The Book of Jonah – An Introduction

When we return on Tuesday, August 24, we will begin a short four-week study of the Book of Jonah. There are few, if any, books as difficult in their teaching as Jonah. The story’s fairy tale structure sugar-coats the true depth of its teaching. At its core, Jonah is a polemic against a nationalistic retributive understanding of God who destroys our enemies in favor of a universal understanding of God abounding in such great mercy as to require us to not only love our enemies but to intercede for their redemption. Jonah is an indictment of our selfishness which causes us to flee from the love of neighbor and delight in the downfall of others. Jonah should make us uncomfortable.

However, Jonah is also a story of redemption. Outside of the Exodus, few passages of the Old Testament anticipated the coming of Jesus and his teachings more than Jonah. Not just the fish, but the entire book is a great sign of the Messiah (Matt. 12:38-42).

The Assyrians:

As we begin to read Jonah, context is everything. In the 9th century BC in upper Mesopotamia along the Tigris River, the Assyrians have begun to rebuild their empire. Their capital city is Nineveh (near modern-day Mosul). Over the next century, Assyria will ruthlessly build the largest empire the world had ever seen. Its reach would not be surpassed until Alexander the Great four hundred years later.

Under Tiglath-Pileser III (ruled 747-727BC), the Assyrians pushed their western border from the banks of the Euphrates River to the coast of the Mediterranean. In 740 BC, Assyria went to war with Israel. The war was short with Israel quickly capitulating and paying off Assyria. 2 Kings 15:19. In 732, Assyria once more invaded Israel, and this time conquered and carried away a substantial portion of the country and installed a vassal king. 2 Kings 15:29. Tiglath-Pileser describes his campaign as “utterly destroying” the cities and “carrying off all of their cattle and people.” Ten years later, the new Assyrian king, Shalmaneser V, finishes Israel off. 2 Kings 17.

Assyria’s brutality was unsurpassed. They practiced a combination of total war, whereby everything, including even wild animals, would be destroyed and mass deportations of people groups whereby entire populations were exchanged (2 Kings 17). A favorite saying of the Assyrian kings was “I destroyed, I devastated, and I burned with fire.” Vicious acts of retribution against any person or group that got in their way were the norm.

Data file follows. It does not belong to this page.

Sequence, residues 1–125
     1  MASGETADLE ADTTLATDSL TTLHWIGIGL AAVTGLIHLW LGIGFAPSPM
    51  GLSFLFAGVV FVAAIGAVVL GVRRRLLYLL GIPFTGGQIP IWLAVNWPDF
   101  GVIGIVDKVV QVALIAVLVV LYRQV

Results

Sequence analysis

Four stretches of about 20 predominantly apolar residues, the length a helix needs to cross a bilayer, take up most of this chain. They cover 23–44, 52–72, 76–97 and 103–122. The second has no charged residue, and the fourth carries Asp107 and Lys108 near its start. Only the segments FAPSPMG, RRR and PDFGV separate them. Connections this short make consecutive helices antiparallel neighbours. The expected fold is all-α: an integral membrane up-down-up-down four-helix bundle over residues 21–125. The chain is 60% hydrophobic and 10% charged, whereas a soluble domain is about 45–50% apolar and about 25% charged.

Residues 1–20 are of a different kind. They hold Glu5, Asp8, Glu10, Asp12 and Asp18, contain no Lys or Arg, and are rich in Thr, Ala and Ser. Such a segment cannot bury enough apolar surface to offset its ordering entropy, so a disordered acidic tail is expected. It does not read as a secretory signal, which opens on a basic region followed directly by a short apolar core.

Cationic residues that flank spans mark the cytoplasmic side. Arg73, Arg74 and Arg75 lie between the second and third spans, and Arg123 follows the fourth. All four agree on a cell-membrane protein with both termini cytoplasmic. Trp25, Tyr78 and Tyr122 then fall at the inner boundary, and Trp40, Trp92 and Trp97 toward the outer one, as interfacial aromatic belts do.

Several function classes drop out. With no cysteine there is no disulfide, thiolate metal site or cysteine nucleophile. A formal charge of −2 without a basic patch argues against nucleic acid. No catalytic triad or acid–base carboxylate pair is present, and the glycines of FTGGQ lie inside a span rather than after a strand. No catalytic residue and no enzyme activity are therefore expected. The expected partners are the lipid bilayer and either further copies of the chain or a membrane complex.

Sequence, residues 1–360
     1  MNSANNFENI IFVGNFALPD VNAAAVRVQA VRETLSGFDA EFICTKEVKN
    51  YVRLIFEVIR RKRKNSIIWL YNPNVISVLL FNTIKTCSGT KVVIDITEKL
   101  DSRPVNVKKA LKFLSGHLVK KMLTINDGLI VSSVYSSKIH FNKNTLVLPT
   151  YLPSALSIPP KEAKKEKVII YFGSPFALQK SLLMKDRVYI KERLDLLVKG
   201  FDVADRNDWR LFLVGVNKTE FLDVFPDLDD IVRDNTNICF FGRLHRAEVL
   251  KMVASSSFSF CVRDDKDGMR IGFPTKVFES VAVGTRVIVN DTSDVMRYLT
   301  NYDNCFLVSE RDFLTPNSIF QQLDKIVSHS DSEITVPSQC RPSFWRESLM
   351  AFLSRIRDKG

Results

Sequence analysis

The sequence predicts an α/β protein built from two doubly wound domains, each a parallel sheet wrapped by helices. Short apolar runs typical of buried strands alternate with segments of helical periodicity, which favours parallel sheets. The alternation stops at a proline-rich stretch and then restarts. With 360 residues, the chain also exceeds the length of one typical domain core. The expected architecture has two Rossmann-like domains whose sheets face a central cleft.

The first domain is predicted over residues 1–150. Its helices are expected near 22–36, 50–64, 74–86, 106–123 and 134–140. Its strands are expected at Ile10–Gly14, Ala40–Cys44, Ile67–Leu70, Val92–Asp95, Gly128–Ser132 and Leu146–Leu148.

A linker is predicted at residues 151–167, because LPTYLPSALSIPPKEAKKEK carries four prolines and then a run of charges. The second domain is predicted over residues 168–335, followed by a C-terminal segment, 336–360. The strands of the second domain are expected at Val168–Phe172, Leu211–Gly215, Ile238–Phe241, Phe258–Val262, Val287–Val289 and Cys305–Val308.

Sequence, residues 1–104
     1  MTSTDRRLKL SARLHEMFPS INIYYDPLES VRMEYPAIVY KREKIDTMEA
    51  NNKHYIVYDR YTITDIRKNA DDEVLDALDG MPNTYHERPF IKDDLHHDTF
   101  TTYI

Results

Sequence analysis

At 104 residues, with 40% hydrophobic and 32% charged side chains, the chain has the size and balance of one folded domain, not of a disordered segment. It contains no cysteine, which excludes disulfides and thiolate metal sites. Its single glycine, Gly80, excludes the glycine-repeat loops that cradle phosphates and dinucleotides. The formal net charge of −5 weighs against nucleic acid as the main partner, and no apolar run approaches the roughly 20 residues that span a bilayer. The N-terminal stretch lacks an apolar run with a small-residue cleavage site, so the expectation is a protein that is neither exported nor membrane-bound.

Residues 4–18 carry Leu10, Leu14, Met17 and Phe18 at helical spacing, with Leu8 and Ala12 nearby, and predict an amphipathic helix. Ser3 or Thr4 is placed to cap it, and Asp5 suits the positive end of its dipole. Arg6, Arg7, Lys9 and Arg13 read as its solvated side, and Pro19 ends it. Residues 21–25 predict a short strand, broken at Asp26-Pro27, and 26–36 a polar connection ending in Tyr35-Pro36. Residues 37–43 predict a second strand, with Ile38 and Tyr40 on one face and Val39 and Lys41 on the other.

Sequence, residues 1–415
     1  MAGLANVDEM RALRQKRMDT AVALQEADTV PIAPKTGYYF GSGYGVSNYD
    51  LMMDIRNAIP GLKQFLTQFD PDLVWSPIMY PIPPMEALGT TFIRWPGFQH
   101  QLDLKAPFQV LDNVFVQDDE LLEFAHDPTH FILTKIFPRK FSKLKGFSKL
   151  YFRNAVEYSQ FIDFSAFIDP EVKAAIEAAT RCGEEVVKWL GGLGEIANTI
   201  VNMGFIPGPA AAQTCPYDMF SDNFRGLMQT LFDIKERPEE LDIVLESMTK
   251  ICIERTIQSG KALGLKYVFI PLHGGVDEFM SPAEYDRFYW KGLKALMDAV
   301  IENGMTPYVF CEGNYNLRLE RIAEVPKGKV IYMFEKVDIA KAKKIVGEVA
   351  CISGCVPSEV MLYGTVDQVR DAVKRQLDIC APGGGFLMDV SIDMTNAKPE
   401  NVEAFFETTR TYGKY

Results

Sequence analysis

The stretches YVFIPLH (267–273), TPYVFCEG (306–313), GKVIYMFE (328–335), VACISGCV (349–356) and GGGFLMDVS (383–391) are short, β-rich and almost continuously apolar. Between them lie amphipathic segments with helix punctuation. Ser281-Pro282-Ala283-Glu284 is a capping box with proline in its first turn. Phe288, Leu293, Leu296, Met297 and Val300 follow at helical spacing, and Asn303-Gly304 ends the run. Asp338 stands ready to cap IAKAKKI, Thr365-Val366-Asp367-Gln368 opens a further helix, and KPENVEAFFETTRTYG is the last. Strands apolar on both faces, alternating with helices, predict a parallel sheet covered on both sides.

Under the Assyrians, the ten northern tribes of Israel disappeared. The Assyrians annihilated God’s people. In the Biblical record, the Assyrians are the worst of the worst.

God:

Throughout the Hebrew Scriptures, God is seen in very nationalistic terms. The Exodus is a victory of Israel’s God over the Egyptian gods. Ex. 12:12. God takes vengeance on those adverse to him and his people. Deut. 32:43. We see this most clearly in the prophecies against other nations where the prophet proclaims that God will see to it that certain other nations will be destroyed because of their actions against his people. (See, Isa. 13-21, Zeph. 2, Obad. 1, Ps. 137). Specifically, the entire book of Nahum and parts of Isaiah (10:5-19, 14:24-27) specifically pronounce judgment upon Assyria upon which is directed the “the rod of [God’s] anger and the staff of [God’s] fury.”

This is the God that Jonah wants. This is the God that we all want – one to smite our enemies. However, this is not the God that call to Jonah.

Jonah’s Mission:

Unlike the other prophets who announce God’s judgment on Israel’s enemies, Jonah is called to work redemption and reconciliation of Assyria – the very worst of the worst of God’s enemies. The story is about Jonah’s response to God’s call of redemption and reconciliation of the enemy. Our story is about the depth of God’s grace and mercy towards his disobedient servant Jonah and his repentant enemy Assyria.

For our study, all you need to bring with you is your bible. As background for this study, I am using Tyndale Old Testament Commentary on Jonah (academic approach), Rabbi Dr. Shmuly Yanklowitz’s Jonah – A Social Justice Commentary (modern application approach), and Dr. Robert Alter’s Strong as Death is Love (academic and application). I have attached Dr. Alter’s introduction for your review.

We hope you can join us!

You have heard that it was said, “You shall love your neighbor and hate your enemy.” But I say to you, Love your enemies and pray for those who persecute you.

Matt. 5:43-44.

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